analyze the impact of such changes. A simple change to one field or column in
a single database can have an enormous ripple effect across downstream applications
that might rely on those database tables.
In addition, as much as all this structured data has grown, so has the amount
of unstructured data. In fact, many estimates by research firms highlight the
predominance of unstructured data, showing that in many cases, organizations
currently have more unstructured data than structured data that they're managing.
The end result of all these challenges points to the fact that now, more than
ever, organizations need to address information integration and data consistency
As I've mentioned in previous columns, these problems with data consistency
become significantly worse as organizations move toward implanting SOA.
That's why I believe that now is an extremely good time for most organizations
to re-evaluate their information management strategies. Over time, it will become
simply impossible for most organizations to continue managing data as inconsistently
and stove-piped as they have. Regardless of whether an organization is move
toward an SOA strategy or not, information requirements and business needs have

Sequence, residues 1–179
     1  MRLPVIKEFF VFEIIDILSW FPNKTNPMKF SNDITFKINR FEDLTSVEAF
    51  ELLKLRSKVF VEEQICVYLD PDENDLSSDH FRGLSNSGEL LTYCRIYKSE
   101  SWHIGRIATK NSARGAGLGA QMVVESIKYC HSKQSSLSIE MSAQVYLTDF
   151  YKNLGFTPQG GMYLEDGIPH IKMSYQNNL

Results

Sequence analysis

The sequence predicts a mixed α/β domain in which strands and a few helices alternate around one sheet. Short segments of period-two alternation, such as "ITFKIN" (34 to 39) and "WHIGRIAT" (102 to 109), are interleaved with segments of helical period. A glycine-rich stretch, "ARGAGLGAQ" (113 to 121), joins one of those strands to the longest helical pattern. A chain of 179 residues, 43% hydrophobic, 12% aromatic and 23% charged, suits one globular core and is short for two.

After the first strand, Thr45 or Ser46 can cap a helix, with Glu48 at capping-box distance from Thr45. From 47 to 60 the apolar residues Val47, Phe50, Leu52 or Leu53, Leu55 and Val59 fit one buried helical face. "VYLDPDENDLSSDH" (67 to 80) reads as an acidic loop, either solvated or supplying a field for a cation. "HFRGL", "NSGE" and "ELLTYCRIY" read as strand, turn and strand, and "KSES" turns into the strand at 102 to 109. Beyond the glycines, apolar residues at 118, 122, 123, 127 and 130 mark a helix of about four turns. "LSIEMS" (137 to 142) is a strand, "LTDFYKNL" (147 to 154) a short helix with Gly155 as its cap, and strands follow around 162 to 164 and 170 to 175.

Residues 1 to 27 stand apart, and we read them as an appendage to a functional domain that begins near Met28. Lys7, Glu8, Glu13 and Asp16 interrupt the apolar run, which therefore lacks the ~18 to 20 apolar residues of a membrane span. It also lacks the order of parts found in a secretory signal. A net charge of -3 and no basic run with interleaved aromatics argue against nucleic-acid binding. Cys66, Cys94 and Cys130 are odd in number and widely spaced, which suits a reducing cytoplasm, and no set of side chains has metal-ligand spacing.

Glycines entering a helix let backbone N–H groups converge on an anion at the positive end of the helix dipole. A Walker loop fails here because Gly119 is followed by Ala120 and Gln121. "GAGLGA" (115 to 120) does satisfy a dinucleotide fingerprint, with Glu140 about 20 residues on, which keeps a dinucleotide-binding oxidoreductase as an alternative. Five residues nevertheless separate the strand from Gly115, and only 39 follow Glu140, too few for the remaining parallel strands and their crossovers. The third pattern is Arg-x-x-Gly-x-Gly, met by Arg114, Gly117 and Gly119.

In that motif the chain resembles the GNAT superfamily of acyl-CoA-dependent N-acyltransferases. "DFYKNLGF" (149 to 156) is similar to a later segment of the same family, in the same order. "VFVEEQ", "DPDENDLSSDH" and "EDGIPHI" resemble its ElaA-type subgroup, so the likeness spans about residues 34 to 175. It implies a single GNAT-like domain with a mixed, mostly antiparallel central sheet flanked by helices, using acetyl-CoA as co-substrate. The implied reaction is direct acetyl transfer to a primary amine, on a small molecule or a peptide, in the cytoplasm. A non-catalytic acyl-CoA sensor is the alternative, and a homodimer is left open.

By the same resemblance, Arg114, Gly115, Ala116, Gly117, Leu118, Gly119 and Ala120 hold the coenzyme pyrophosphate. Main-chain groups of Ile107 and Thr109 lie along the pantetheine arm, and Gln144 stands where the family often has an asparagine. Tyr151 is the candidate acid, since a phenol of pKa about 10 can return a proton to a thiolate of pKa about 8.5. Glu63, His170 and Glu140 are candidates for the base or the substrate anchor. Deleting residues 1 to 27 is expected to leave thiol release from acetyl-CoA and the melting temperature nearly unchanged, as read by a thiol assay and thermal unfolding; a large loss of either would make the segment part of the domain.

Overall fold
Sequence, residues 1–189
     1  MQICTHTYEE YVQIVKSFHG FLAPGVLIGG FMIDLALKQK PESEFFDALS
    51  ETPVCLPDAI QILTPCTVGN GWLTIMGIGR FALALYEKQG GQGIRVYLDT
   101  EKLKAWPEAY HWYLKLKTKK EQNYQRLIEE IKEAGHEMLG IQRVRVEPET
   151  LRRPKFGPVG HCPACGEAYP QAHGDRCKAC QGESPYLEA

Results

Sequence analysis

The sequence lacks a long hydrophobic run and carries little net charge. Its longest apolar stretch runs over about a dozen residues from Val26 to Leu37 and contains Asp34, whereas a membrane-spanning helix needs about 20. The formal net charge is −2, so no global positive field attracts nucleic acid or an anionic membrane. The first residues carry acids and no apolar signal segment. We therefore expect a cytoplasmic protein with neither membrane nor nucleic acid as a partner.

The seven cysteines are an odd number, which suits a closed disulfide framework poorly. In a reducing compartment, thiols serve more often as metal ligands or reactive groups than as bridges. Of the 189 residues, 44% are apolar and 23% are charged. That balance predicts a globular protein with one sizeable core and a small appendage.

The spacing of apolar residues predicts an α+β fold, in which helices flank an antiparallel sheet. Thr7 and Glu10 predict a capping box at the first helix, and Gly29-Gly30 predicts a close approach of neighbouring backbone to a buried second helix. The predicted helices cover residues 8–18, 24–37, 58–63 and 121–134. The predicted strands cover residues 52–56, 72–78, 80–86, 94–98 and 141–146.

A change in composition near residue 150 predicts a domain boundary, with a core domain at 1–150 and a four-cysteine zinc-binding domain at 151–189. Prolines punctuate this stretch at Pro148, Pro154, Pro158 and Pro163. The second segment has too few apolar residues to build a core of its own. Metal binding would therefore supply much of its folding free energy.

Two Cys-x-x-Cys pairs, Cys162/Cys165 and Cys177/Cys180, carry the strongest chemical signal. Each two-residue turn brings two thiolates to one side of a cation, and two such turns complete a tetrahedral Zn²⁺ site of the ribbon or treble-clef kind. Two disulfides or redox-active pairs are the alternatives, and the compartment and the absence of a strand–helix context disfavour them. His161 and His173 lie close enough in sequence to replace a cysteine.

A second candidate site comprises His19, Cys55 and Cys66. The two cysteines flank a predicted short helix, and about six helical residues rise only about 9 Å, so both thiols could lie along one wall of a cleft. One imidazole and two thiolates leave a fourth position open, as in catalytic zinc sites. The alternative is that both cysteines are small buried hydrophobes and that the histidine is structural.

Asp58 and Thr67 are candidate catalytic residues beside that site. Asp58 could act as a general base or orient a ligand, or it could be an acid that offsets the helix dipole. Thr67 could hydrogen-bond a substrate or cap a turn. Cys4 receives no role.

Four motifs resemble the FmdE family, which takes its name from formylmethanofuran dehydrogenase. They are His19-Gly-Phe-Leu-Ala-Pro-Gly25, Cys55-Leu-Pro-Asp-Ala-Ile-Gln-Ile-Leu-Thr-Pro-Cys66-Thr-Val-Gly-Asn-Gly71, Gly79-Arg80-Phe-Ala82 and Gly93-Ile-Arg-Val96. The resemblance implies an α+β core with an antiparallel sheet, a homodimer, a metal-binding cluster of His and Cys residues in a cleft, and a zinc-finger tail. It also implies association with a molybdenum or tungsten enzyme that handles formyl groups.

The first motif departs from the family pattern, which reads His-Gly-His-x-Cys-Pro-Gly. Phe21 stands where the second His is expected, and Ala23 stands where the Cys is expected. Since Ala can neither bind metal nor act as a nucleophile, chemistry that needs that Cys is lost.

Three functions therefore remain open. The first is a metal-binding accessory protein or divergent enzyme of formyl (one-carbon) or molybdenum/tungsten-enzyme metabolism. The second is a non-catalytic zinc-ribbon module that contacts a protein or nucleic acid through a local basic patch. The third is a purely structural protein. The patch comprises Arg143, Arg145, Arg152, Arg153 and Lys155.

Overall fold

simply become too important for organizations to not manage information better.
So, what do today's organizations need in order to get the right information
to the right person at the right time? That's a great question. In my next column,
we'll take a closer look some of the requirements for better information management,
and how they play into an SOA strategy.
About the Author
David Kelly - With twenty years at the cutting edge of enterprise infrastructure,
David A. Kelly is ebizQ's Community Manager for Optimizing Business/IT Management. This category includes IT governance, SOA governance,and compliance, risk management, ITIL, business service management,registries and more.
As Community Manager, David will blog and podcast to keep the ebizQ
community fully informed on all the important news and breakthroughs
relevant to enterprise governance. David will also be responsible for
publishing press releases, taking briefings, and overseeing vendor
submitted feature articles to run on ebizQ. In addition, each week,